May 27, 2012

When I Think

by Robert Creeley

When I think of where I've come from
or even try to measure as any kind of
distance these places, all the various
people, and all the ways in which I re-
member them, so that even the skin I
touched or was myself fact of, inside,
could see through like a hole in the wall
or listen to, it must have been, to what
was going on in there, even if I was still
too dumb to know anything—When I think
of the miles and miles of roads, or meals,
of telephone wires even, or even of water
poured out in endless streams down streaks
of black sky or the dirt roads washed clean,
or myriad, salty tears and suddenly it's spring
again, or it was—Even when I think about
all those I treated so poorly, names, places,
their waiting uselessly for me in the rain and
I never came, was never really there at all,
was moving so confusedly, so fast, so driven
like a car along some empty highway passing,
passing other cars—When I try to think of
things, of what's happened, of what a life is
and was, my life, when I wonder what it meant,
the sad days passing, the continuing, echoing deaths,
all the painful, belligerent news, and the dog still
waiting to be fed, the closeness of you sleeping, voices,
presences, of children, of our own grown children,
the shining, bright sun, the smell of the air just now,
each physical moment, passing, passing, it's what
it always is or ever was, just then, just there.

"When I Think" by Robert Creeley, from On Earth: Last Poems and an Essay. © University of California Press, 2006. Reprinted with permission. (buy now)

It's the birthday of novelist and short-story writer who said, "Literature has been the salvation of the damned, literature has inspired and guided lovers, routed despair and can perhaps in this case save the world." John Cheever (books by this author), born in Quincy, Massachusetts (1912). He was known as the "Ovid of Ossining" for his stories of suburban life — he lived in Ossining, a suburb in Westchester County. He was a funny man — as his son said, "He'd break a leg to get a laugh." In 1978, he published a collection, The Stories of John Cheever, and it won the Pulitzer Prize, the National Book Critics Circle Award, and the National Book Award. But he died just four years later, in 1982. Almost 10 years later, his journals were published, which contained revelations of his affairs with men, his depression, and alcoholism.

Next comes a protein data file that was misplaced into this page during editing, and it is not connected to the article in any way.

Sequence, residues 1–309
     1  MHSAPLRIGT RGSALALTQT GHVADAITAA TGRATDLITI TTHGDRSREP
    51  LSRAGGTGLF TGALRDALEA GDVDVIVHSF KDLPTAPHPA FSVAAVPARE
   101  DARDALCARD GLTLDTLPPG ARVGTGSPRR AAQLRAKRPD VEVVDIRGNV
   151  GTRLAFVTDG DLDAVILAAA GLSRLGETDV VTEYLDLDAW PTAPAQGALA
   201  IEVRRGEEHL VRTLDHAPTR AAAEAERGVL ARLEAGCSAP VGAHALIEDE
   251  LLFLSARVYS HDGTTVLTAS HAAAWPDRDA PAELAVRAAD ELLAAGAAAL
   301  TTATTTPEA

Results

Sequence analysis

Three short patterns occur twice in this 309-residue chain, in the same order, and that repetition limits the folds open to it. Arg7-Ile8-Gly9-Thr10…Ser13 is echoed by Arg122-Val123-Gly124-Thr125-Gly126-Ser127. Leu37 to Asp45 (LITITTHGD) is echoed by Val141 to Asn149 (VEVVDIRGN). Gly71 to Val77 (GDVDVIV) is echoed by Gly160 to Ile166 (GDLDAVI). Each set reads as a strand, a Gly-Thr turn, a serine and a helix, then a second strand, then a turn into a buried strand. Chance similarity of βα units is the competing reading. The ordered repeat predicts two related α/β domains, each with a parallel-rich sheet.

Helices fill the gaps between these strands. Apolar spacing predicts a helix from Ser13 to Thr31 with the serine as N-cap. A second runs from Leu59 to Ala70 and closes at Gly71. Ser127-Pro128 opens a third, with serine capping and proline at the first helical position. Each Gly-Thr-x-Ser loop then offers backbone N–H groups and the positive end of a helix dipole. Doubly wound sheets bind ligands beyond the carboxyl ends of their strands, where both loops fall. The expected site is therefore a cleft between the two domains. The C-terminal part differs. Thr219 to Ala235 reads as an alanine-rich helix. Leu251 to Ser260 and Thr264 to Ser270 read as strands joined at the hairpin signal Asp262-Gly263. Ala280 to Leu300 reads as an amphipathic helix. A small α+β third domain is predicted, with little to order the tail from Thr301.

He said, "For me, a page of good prose is where one hears the rain and the noise of battle. It has the power to give grief or universality that lends it a youthful beauty."

It's the birthday of detective novelist Tony Hillerman (books by this author), born in Sacred Heart, Oklahoma (1925). His parents were farmers and owned a general store. He grew up around Pottawatomie Indians, and he and some of the other farm boys went to St. Mary's Academy, a boarding school for Indian girls.

He worked as a journalist, covering crime and politics around the Southwest, and dreamed about writing a novel. One day, he was interviewing an inmate on death row, and he said: "A notion implanted in my brain. It was the thought that fiction can sometimes tell the truth better than facts." He wrote his first novel, The Blessing Way (1970), featuring Navajo detective Joe Leaphorn. Hillerman went on to write 17 more books featuring Lieutenant Joe Leaphorn, and they were all best-sellers.

It's the birthday of writer Rachel Carson (books by this author), born in Springdale, Pennsylvania (1907). She started off her career as a successful marine biologist working for the U.S. Bureau of Fisheries; she was the second woman ever hired for a full-time position there. Her boss, Elmer Higgins, headed up a radio show on marine biology, which the staff called "seven-minute fish tales." The show was a total flop — no one knew how to make it interesting to the general public. Higgins asked Carson to write some scripts for the show, and she did such a good job that he asked her to write part of a Bureau of Fisheries brochure. She wrote an essay called "The World of Waters." After he read it, Higgins sat her down and told her that her essay was too good for the brochure. He suggested she write a new one for him, and send "The World of Waters" to The Atlantic Monthly. The essay, retitled "Undersea," was published in 1937. It begins: "Who has known the ocean? Neither you nor I, with our earth-bound senses, know the foam and surge of the tide that beats over the crab hiding under the seaweed of his tide pool home; or the lilt of the long, slow swells of mid-ocean, where shoals of wandering fish prey and are preyed upon, and the dolphin breaks the waves to breathe the upper atmosphere. Nor can we know the vicissitudes of life on the ocean floor [...] where swarms of diminutive fish twinkle through the dusk like a silver rain of meteors, and eels lie in wait among the rocks. Even less is it given to man to descend those six incomprehensible miles into the recesses of the abyss, where reign utter silence and unvarying cold and eternal night."

An editor at Simon & Schuster read Carson's piece and asked her to write a book. She went on to write many best-sellers, including The Sea Around Us (1951), The Edge of the Sea (1955), and Silent Spring (1962), which helped launch the environmental movement.

She said, "If there is poetry in my book about the sea, it is not because I deliberately put it there, but because no one could write truthfully about the sea and leave out the poetry."

And, "Those who contemplate the beauty of the earth find reserves of strength that will endure as long as life lasts."

Be well, do good work, and keep in touch.®




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